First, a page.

J.S.: I grew up in the West, and I know the West as one who grew up there. In the West, especially today, you find academics who are familiar with the Scriptures, with the early texts. They can speak about the early texts with great authority, but they have no faith commitment themselves. Sometimes they even despise people who have a faith commitment, even though they are so proficient in speaking about the early texts and Scriptures themselves. That is a divide that the Orthodox Church has avoided. I was very impressed at the opening of the conference, when Patriarch Kyrill spoke about this very dilemma, that when theologians write their monographs on the history and the analysis and the observations about the Fathers, the early texts of the Church, the Scriptures themselves, they must have a responsibility for these in the Christian life so that they do not diverge as they have in the West. The theologians should be, par excellence, the ones who reflect the life of prayer and the life of dedication for Christians at large. I am very pleased to see that this is the case here in Russia, where it is not only a cerebral academic activity, but becomes a manifestation of a dedicated life.
A.B.: Our Holy Fathers very often tell us that every Christian, theologian or not, needs to be on the King’s Way, on the golden mean. But sometimes we want to be liberal, and sometimes we want to be conservative. What is the main problem for modern theology, for modern theologians, to stay on this golden mean? How can we stay there and not go to the right or to the left?
J.S.: The study of theology has a very very important place. So we should not disparage this as an academic field. But the theologian, par excellence, is one who prays, one who knows God and above all one who has experienced God. We should never think of this as a purely academic exercise, but remember the heritage that we have from the Fathers and our need, not only to become familiar with these in an academic sense, but to be the very embodiment of these texts. I think that is especially important in our days.
We had one visitor to the monastery and he said: “Anyone can read a book; I want to see the living example”. That was remainder for us that we not only live in such a special place, and we have an opportunity to attend the services and to know the lives of the saints, but that we must become the example of this heritage in a living sense.
It is not the statements of doctrine only, or the arguments about doctrine only that attract people to Christianity. It is lives that have been transformed and that become luminous examples of Christian piety that reflect Christ into the world. This is something we can never forget in our own dedication as Christians, that we must become not only familiar with the texts, but we must become luminous examples of the sanctification that these texts present us.
A.B.: The last question. Many theologians and scientists today speak about the crisis in the world. Many of them tell us about a religious crisis. This crisis is a part of secular society that is very strong nowadays. In these conditions what can the Orthodox Church offer to the society which doesn’t know who God is, and which sometimes doesn’t need God at all?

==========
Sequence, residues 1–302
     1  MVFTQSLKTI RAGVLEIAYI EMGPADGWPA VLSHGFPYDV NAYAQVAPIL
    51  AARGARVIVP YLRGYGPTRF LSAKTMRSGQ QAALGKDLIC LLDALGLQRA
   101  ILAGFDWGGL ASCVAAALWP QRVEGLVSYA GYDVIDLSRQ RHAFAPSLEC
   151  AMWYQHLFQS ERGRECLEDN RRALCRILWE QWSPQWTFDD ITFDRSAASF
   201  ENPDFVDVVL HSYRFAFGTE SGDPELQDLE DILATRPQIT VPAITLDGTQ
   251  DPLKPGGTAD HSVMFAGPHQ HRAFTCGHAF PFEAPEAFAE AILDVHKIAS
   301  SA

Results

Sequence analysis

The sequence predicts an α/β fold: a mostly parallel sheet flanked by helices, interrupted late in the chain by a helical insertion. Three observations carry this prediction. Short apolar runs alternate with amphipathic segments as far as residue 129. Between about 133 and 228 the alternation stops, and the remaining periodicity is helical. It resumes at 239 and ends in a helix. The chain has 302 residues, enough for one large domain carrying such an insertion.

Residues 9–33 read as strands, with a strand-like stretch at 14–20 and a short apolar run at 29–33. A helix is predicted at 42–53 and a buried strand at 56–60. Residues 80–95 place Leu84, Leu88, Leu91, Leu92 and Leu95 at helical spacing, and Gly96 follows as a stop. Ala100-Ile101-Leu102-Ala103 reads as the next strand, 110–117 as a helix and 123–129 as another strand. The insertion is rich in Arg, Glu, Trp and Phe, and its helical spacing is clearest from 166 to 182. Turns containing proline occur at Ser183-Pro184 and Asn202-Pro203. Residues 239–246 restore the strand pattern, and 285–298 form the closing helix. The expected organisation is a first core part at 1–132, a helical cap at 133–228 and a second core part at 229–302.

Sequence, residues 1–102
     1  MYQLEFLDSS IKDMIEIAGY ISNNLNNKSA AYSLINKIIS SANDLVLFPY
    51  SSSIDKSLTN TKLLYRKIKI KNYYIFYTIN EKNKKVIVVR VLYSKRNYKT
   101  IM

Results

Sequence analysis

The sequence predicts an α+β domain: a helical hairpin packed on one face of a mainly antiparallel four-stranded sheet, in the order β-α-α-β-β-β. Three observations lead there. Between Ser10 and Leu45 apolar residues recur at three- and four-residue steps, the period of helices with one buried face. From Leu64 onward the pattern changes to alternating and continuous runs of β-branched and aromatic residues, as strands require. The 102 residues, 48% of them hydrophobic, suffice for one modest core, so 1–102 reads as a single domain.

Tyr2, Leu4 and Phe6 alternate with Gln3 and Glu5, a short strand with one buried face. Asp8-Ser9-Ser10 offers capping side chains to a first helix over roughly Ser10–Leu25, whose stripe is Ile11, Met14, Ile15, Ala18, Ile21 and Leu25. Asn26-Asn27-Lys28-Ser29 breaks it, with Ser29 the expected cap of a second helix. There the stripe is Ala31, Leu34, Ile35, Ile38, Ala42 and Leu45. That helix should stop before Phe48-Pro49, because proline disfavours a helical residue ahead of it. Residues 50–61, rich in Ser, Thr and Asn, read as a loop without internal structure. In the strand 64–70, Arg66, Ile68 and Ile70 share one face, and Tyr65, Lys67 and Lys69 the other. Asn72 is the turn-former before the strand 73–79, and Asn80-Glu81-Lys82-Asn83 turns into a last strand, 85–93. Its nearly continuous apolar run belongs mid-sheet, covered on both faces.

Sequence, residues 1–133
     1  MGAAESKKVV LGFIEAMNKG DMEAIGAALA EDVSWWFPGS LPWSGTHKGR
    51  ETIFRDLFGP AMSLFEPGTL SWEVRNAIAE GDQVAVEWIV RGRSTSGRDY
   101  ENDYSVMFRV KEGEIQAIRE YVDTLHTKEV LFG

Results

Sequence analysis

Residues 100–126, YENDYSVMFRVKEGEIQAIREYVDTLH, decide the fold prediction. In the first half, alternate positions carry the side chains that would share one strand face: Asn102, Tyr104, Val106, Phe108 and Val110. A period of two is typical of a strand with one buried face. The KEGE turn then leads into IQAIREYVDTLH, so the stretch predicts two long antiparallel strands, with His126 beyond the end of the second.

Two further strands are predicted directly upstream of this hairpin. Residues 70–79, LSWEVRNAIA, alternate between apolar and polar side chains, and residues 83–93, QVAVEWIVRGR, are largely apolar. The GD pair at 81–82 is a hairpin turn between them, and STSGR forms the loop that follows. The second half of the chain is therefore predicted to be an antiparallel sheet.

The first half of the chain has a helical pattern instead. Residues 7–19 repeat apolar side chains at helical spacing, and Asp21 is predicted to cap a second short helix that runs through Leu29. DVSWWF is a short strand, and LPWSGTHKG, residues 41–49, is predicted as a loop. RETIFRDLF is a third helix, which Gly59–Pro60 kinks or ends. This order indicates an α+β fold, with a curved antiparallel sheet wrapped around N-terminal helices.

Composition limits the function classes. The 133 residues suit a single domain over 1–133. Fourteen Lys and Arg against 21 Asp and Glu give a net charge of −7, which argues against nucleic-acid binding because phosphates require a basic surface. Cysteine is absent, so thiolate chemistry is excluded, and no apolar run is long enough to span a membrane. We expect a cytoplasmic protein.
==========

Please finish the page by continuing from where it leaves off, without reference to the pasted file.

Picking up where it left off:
J.S.: The hallmark of our times is secularism, consumerism and the pursuit of personal goals and personal enjoyment without regard for other people. This is an age of information technology when it is so easy to connect with people around the world. But instead of this becoming a means of sympathy for other people, many times the internet is an isolating experience, and we become more removed from the people at a distance and even from the people around us, compared to previous generations.
Many people do not have a hostility to the Church, but they see the Church as something that is irrelevant to their needs. But there is planted in us a remembrance of God, and a longing for God, that is part of our human nature. We can find substitutes and gratifications in many other ways, but we cannot find profound peace and true enjoyment until we come to know God, and God gives the peace that passes all understanding.
It is a temptation for the Church to accommodate itself to the world in a way that compromises its own heritage. Certainly we need to communicate with the world, to reach out to the world, but the world expects the Church to retain its integrity and its witness and it is because of that integrity and that witness that they return to the Church. And this becomes the answer to the challenges of the modern world, that the Church does not change; it retains the same witness it had over the centuries, and as it gave people hope, consolation and profound joy in past centuries, so can it do so even today.
A.B.: Father, thank you very much for this interview. Your ideas were really great and very important for us. Thank you very much.
J.S.: Thank you.
Interviewer: priest Antoniy Borisov